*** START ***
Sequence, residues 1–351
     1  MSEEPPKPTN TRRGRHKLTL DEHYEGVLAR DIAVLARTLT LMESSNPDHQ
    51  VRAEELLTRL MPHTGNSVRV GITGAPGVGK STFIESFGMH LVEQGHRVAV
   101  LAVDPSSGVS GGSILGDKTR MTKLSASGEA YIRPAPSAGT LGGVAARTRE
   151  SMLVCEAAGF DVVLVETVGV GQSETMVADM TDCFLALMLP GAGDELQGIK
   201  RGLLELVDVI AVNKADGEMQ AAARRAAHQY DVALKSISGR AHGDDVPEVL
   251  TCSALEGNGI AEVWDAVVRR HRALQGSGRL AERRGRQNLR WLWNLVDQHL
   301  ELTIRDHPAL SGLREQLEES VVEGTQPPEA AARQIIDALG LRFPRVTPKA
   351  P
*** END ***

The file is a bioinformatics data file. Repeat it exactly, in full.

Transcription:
Sequence, residues 1–351
     1  MSEEPPKPTN TRRGRHKLTL DEHYEGVLAR DIAVLARTLT LMESSNPDHQ
    51  VRAEELLTRL MPHTGNSVRV GITGAPGVGK STFIESFGMH LVEQGHRVAV
   101  LAVDPSSGVS GGSILGDKTR MTKLSASGEA YIRPAPSAGT LGGVAARTRE
   151  SMLVCEAAGF DVVLVETVGV GQSETMVADM TDCFLALMLP GAGDELQGIK
   201  RGLLELVDVI AVNKADGEMQ AAARRAAHQY DVALKSISGR AHGDDVPEVL
   251  TCSALEGNGI AEVWDAVVRR HRALQGSGRL AERRGRQNLR WLWNLVDQHL
   301  ELTIRDHPAL SGLREQLEES VVEGTQPPEA AARQIIDALG LRFPRVTPKA
   351  P